Lane watch: Truck prices stabilize

LAWRENCEVILLE, Ga. - 

While an auction general manager in Texas shared short-term expectations for what might be happening in the lanes, the newest Black Book Market Insights report also highlighted a noteworthy development that just occurred.

Editors determined truck values stabilized last week following several weeks of volatility, while cars saw higher demand at auction.

“Sedans drop in value, but sporty cars see a seasonal increase with summer around the corner. Luxury cars and crossovers experience a larger decline,” said Anil Goyal, executive vice president of operations at Black Book.

Volume-weighted, editors indicated overall car segment values decreased by 0.27 percent last week. In comparison, values had increased on average by 0.12 percent per week during the previous four weeks.

Within cars, Black Book noticed the sporty car segment increased the most in value last week, rising by 0.18 percent.

Again volume-weighted, editors noticed overall truck segment values (including pickups, SUVs, and vans) decreased by just 0.05 percent last week, same as the average drop per week in the previous four weeks.

Among trucks, Black Book said the sub-compact crossover segment increased the most in value last week, moving 0.22 percent higher.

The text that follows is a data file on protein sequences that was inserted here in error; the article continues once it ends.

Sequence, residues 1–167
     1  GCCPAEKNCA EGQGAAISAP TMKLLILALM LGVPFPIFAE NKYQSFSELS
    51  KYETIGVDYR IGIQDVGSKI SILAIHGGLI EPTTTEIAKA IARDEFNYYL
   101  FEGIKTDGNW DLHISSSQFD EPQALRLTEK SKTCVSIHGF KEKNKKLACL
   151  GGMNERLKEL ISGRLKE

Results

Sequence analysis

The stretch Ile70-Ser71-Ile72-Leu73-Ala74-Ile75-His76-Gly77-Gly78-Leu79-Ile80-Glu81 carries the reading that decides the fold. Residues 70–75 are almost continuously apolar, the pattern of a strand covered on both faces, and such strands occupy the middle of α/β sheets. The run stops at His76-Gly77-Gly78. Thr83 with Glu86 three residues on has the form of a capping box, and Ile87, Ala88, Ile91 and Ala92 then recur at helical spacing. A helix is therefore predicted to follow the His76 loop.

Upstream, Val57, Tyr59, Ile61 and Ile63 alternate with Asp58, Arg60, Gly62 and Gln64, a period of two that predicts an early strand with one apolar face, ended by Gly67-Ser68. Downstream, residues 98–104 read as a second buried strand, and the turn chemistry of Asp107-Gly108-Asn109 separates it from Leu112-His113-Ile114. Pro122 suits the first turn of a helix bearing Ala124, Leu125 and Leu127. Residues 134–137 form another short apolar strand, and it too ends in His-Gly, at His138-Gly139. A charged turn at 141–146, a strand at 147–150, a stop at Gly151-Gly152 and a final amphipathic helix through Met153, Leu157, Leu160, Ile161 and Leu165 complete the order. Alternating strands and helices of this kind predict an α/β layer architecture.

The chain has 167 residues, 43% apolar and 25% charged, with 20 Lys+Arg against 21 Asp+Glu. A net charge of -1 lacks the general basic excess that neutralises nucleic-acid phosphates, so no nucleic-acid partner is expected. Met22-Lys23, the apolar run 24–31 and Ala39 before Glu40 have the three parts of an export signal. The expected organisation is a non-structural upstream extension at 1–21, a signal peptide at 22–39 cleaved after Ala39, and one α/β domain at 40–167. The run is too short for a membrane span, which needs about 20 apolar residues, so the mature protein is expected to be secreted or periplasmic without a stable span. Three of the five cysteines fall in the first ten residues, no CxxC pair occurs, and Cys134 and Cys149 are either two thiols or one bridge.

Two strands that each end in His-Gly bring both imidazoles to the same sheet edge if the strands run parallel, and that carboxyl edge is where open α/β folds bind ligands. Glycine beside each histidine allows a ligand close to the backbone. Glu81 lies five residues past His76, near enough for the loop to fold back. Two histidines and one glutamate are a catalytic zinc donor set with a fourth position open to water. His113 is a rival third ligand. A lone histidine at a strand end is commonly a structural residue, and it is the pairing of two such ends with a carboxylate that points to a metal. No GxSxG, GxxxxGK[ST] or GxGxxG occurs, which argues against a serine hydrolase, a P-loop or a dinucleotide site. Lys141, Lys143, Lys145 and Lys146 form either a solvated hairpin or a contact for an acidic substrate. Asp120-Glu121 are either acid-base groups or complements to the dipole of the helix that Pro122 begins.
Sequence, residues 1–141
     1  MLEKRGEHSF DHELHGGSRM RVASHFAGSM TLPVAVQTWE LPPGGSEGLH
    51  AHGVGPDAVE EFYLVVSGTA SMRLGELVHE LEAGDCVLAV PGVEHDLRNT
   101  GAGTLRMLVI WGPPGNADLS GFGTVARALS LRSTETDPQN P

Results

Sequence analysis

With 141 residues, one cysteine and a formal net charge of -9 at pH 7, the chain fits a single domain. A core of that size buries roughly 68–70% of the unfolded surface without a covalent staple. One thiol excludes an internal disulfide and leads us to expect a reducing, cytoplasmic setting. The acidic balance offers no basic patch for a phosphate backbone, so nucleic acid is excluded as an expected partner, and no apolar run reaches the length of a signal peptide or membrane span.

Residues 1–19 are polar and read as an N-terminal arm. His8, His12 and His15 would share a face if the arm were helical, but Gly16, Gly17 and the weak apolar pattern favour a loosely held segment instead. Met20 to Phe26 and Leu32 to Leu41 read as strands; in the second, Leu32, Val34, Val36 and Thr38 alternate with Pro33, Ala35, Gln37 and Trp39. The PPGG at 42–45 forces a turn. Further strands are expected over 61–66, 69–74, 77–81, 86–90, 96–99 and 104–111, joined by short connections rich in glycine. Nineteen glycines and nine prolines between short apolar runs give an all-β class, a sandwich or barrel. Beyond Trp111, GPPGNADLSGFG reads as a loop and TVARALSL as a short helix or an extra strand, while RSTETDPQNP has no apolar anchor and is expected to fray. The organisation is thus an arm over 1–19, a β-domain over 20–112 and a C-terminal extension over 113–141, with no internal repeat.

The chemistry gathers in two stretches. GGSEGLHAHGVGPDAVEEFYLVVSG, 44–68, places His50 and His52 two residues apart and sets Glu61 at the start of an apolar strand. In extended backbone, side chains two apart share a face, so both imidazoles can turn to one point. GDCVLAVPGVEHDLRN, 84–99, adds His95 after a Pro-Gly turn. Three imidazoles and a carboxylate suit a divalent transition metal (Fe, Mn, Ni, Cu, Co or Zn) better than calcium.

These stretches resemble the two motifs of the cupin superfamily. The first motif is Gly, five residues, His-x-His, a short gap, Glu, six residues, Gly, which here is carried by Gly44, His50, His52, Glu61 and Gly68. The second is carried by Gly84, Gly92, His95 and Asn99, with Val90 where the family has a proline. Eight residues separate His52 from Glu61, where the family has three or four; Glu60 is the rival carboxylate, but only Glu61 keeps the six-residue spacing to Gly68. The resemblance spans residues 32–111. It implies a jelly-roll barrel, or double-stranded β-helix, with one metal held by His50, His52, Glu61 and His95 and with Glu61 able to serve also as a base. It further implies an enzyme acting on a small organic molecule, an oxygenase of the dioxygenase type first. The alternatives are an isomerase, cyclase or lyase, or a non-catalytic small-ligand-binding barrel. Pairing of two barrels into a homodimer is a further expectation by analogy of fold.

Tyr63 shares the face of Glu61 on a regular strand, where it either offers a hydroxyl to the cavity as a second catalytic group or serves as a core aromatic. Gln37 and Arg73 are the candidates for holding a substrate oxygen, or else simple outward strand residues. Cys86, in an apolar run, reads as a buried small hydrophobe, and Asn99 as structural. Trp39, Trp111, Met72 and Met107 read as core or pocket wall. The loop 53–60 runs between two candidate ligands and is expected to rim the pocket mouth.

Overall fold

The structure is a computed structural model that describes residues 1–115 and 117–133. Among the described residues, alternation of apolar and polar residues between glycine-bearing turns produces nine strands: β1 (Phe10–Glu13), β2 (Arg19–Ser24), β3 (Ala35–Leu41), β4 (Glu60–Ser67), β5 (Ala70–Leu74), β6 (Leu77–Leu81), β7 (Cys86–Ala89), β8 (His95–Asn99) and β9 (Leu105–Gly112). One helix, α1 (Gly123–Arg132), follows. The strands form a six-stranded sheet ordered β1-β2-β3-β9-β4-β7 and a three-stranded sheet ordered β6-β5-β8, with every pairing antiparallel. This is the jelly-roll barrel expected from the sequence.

Turning next to what Black Book’s representatives captured at sales nationwide, one lane watcher caught up with a general manager of an auction in Texas.

“The nicer, more expensive vehicles have softened here. Our market feels like it has another month or so before we see increased volatility across the board,” the GM said.

The scene at a couple of locations revealed how the hammer isn’t falling with as much frequency as it did during the height of the spring market.

Out of Georgia: “There was an abundance of no-sales in both the rental/lease lanes as well as the dealer lanes. In addition, the less expensive older vehicles that sold well recently experienced sporadic sales.”

Out of Michigan: “Consignment is down, but anything nice sells and for good money. Retail remains good but certainly not great.”

And speaking of retail, what’s occurring in Tennessee is perhaps a reflection of dealership activity.

“Sub-compact and units under $10,000 are in demand. The higher priced vehicles are much harder to turn,” the lane watcher in the Volunteer State said.

Finally, the report out of Pennsylvania might have given another glimpse of what prices at the pump are doing to dealer buying activity at the auction.

“A dealer out of New York who typically buys trucks stated that he is purchasing more passenger cars than he can remember,” the Black Book representative said.

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